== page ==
PTH-062 Clinic based outpatient transnasal endoscopy: implementation and evaluation of an innovative endoscopy service

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There is increasing evidence that Transnasal endoscopy (TNE), performed with an ultrathin HD scope, is well tolerated with minimal cardiorespiratory stress and better patient experience than standard endoscopy. We report preliminary results from a new outpatient TNE service developed in a university teaching hospital which is a tertiary referral centre for gastroenterology and upper gastrointestinal surgery.


After local governance approvals, TNE was introduced and performed by 5 experienced endoscopists. All procedures were performed in an outpatient clinic adjacent to the endoscopy recovery area over a 6 month period. Patients were assessed as suitable for TNE based on local guidelines and if agreeable, underwent TNE using Pentax EPK-i7000 HD video endoscopy processor and EG16-K10 Transnasal endoscope (outer diameter 5.4 mm, 2.0 mm instrument channel) under topical anaesthetic plus anti-congestant applied to nostril. An antifoam/mucolytic drink was given 15 min prior to procedure. If the nose could not be intubated, the patient was offered the procedure using the narrow endoscope trans-orally. Preliminary data was collected in a pilot study in which patients were asked to complete a visual analogue score (VAS) and questionnaire. Data on all patients undergoing TNE was collected prospectively and retrospectively analysed from the hospital computer records.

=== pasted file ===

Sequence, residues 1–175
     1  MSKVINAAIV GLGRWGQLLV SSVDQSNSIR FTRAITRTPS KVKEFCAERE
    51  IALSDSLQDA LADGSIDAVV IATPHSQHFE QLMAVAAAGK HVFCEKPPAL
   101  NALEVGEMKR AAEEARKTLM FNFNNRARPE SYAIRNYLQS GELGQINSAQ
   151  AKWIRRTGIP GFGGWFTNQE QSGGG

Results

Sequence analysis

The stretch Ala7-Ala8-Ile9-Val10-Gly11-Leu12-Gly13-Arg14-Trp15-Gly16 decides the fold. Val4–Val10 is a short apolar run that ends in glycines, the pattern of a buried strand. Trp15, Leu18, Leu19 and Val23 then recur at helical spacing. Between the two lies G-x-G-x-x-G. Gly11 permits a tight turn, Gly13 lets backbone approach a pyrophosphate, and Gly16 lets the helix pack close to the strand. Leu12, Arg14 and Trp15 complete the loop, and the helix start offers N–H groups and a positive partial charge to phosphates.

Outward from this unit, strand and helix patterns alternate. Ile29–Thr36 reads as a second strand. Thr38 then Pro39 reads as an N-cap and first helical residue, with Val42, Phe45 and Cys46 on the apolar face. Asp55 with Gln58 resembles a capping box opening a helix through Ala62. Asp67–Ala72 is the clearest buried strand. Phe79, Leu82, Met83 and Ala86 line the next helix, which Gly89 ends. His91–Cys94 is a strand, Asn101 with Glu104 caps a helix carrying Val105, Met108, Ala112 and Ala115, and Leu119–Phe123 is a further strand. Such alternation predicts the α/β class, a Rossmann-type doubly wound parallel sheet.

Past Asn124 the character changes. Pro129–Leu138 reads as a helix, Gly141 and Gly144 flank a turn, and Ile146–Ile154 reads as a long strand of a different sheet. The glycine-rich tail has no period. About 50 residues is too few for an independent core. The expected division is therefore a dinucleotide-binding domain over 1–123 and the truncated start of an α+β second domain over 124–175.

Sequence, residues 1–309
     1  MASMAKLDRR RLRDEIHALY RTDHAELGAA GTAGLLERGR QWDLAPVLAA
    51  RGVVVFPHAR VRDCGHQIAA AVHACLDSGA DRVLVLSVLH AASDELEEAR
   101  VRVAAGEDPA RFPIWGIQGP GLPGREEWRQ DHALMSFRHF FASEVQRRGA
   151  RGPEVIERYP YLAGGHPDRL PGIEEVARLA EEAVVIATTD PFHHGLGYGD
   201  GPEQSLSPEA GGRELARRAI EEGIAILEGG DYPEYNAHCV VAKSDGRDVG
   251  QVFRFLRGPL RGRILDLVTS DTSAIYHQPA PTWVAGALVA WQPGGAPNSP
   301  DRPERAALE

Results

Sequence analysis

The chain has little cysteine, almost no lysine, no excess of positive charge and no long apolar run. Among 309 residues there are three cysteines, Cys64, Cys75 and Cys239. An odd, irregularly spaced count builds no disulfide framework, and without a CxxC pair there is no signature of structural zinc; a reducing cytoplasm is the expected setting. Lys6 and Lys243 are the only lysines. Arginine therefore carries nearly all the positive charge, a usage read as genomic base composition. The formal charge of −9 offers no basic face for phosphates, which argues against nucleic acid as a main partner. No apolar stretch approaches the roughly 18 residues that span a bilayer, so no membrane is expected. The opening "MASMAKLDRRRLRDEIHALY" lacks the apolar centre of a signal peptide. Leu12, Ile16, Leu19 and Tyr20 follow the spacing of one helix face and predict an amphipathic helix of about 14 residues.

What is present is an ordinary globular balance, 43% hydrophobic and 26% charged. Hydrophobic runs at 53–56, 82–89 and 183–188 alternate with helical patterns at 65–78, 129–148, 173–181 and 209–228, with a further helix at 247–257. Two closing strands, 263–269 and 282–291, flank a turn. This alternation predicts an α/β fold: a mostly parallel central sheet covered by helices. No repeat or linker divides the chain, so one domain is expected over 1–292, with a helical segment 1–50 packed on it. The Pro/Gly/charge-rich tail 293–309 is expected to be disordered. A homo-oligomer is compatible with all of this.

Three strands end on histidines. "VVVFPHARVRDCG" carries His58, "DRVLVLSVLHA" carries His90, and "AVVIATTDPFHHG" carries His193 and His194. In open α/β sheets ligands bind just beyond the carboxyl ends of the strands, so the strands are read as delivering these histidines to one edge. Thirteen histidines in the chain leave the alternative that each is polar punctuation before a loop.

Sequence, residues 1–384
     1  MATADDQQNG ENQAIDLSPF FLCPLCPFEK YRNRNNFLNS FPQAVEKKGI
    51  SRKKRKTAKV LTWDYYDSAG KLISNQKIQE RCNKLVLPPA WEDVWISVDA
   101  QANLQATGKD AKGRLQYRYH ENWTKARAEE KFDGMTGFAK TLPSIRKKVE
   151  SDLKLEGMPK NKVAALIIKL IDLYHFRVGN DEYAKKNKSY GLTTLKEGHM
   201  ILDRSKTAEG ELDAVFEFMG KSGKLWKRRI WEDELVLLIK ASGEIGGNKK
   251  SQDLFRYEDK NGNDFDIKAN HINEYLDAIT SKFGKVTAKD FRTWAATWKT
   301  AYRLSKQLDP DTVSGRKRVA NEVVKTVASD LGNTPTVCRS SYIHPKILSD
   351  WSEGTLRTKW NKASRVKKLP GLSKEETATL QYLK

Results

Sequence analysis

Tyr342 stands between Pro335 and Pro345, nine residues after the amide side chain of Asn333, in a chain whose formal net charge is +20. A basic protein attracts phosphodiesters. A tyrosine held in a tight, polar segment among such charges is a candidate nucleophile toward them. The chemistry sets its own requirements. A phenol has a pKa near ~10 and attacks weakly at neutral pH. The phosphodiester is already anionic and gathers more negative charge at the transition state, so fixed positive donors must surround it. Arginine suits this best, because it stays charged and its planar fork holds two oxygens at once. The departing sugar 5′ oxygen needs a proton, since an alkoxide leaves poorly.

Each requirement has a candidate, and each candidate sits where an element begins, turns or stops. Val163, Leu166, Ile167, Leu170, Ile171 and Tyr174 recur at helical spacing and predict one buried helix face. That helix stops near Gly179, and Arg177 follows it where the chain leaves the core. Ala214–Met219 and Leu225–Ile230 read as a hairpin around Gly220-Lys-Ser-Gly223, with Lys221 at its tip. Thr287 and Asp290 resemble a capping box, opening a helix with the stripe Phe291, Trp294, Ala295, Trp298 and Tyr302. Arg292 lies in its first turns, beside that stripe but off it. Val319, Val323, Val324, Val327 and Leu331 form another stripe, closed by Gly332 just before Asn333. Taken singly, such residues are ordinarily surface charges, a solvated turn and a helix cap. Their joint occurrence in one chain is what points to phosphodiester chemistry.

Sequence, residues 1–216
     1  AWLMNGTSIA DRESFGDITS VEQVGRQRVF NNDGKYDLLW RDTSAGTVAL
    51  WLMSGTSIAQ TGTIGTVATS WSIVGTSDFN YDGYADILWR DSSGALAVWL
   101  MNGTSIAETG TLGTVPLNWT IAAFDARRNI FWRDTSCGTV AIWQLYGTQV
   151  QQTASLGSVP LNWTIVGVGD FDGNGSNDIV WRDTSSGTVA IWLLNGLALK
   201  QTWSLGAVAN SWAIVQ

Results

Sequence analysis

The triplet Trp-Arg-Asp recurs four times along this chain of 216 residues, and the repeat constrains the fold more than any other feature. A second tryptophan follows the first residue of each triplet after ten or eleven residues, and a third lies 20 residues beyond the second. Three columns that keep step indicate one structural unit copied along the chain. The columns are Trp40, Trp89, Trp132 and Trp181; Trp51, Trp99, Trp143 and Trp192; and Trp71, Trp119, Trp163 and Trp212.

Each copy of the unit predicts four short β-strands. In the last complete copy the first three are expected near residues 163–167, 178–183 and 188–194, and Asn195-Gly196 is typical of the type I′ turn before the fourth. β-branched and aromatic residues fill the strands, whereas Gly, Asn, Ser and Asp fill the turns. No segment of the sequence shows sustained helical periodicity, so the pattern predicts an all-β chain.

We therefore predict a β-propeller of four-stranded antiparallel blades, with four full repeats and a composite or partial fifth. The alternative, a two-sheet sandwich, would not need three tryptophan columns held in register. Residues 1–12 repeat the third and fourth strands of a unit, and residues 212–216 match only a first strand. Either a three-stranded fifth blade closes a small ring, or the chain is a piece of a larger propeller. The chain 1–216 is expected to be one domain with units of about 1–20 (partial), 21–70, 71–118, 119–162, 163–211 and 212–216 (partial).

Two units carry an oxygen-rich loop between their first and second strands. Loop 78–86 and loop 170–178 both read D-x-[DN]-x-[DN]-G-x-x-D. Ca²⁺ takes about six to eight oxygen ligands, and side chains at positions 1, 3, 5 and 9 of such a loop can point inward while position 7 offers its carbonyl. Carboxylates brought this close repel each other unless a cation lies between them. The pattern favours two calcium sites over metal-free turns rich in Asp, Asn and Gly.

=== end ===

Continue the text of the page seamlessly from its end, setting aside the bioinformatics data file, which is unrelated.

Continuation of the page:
Since its introduction, 113 patients have been assessed as suitable for TNE. 67 females and 46 males (median age 62, IQR 52.5–70 years) underwent TNE. The first 17 patients were part of the pilot study. Of 96 subsequent patients, 66 were direct to test referrals on the cancer pathway, 10 other referrals on the cancer pathway, 13 routine, 3 planned surveillance, 1 urgent and 3 urgent inpatients. The most common indications were dysphagia (55 patients) and dyspepsia (36 patients). Endoscopy was completed trans-nasally in 92 patients (81.4%), trans-orally in 16 patients (14.1%) and failed in 5 patients (4.4%). Reasons for performing trans-orally were narrow nasal passages in 7 patients, 2 patients on warfarin with high INR, 2 patient choice and 7 didn’t tolerate scope in nose. Duodenal intubation was successful in 107/113 (94.7%). There were no abnormal findings in 57 patients, inflammation was seen in 36 patients and 8 cancers of the oesophagus/oesophago-gastric junction were found. Biopsies were taken in 63 procedures and all were adequate for histology. Procedures were tolerated well with no immediate complications. Median (range) VAS was 9 (5–10) and of those who had had previous OGD, 71% expressed a preference for TNE and 29% preferred neither.


TNE delivered in an outpatient clinic setting with immediate access to endoscopy unit is a safe and effective method of investigating upper gastrointestinal tract symptoms. This innovative service delivery has the potential to reduce traditional diagnostic gastroscopy and increase capacity.

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